Now to deal with the real issue. You mention fear of going “there”. Where exactly is it that you are scared of going? A relationship? Commitment? That could be a bigger hurdle to jump than even the big almighty. If this is a guy you care for and I sense that you do, because pondering your future with him is not something you’d do if it were casual, then you need to figure out what it is you want from him BEFORE you “venture there”. If neither one of you has taken it to the next level, it may be a good place to stay for now. Enjoy the time you spend and see if things progress naturally. But if you notice that it is either you being scared to move forward, or him, a conversation needs to take place about where things are headed. Keeping quiet when one person wants more, and the other doesn’t can lead to resentment.
Nothing puts a damper on romance like bitterness and hard-feelings. In this situation I’d ask myself if I wanted more than what I was getting, and if the answer was yes, I’d hold my breath and jump…IE: I’d let him know I wanted more, and hope he felt the same! Good luck!
I recently found an email while playing around on my boyfriend’s computer. It was from his ex and it seemed to be one of many. I didn’t read much because I felt that would be an invasion of privacy, but I want to know how long it’s been going on and why he is still talking to her. What do I do?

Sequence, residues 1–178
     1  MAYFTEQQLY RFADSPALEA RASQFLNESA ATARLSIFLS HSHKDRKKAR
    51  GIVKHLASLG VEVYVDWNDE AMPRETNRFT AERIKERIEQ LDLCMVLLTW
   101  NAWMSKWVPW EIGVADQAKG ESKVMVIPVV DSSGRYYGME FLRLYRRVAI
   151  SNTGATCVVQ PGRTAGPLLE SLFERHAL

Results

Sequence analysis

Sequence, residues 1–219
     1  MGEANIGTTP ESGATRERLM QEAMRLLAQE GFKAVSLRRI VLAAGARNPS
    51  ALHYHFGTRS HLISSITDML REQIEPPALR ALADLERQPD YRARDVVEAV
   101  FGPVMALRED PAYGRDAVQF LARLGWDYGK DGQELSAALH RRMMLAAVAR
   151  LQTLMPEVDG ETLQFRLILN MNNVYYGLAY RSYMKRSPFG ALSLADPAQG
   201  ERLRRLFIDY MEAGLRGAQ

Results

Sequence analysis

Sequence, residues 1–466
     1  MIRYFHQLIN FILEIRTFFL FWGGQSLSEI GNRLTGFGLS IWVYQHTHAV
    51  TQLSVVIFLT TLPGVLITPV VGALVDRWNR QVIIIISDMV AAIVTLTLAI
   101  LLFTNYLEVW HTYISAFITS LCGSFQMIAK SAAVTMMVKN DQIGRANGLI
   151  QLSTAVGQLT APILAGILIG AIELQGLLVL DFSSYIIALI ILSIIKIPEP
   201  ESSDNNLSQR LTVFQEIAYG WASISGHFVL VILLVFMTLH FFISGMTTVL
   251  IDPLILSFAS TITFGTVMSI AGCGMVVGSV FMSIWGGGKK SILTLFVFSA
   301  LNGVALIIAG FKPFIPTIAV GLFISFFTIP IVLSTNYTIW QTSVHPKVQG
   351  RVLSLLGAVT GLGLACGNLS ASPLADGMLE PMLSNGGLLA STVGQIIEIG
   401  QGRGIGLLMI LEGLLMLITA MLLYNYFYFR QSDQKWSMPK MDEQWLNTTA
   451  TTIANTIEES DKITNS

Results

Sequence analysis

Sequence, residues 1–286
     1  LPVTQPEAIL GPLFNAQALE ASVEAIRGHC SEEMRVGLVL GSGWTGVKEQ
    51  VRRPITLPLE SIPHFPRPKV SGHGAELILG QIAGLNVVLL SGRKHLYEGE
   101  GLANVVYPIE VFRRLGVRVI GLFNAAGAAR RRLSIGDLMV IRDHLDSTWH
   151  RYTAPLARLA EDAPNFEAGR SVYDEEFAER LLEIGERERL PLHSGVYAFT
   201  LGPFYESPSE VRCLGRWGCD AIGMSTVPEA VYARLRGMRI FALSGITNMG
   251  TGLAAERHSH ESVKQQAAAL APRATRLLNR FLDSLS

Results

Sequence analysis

Mari: Ouch, that had to hurt, but kudos for not snooping more (I’m not sure I would have been able to resist the urge to read on). There are 2 main problems here, 1 being if you ask him, he’ll assume you don’t trust him and 2, will you believe what he tells you anyway? You obviously need to bring it up, because it’s bothering you, but it’s
important you do so in a way that minimizes his defensiveness. I suggest first asking if he ever talks to his ex. Try to ask as nonchalantly as possible, even though it may be tough. Doing this gives him the chance to come clean, because he might not see anything wrong with a few harmless emails with his former lover. He may just
spill his guts with out you ever having to put on “the gloves”.
But if that doesn’t work, roll up your sleeves and get to work, cause it’s going to get dirty. Let him know that you mistakenly came across the email and you’re concerned, that you do trust him, but you have questions and he owes you answers. Make sure to reiterate that you weren’t snooping, and that you could have, but chose to come to him instead. Hopefully your man is trustworthy and honest and will not feel attacked by this, but if he does put up a wall or gets very angry with you, perhaps you should ask yourself what else he’s been keeping from you. As long as you approach him as an adult, expect him to act accordingly, this could make or break things for your relationship, so brace yourself!
Post your questions below for Mari to answer.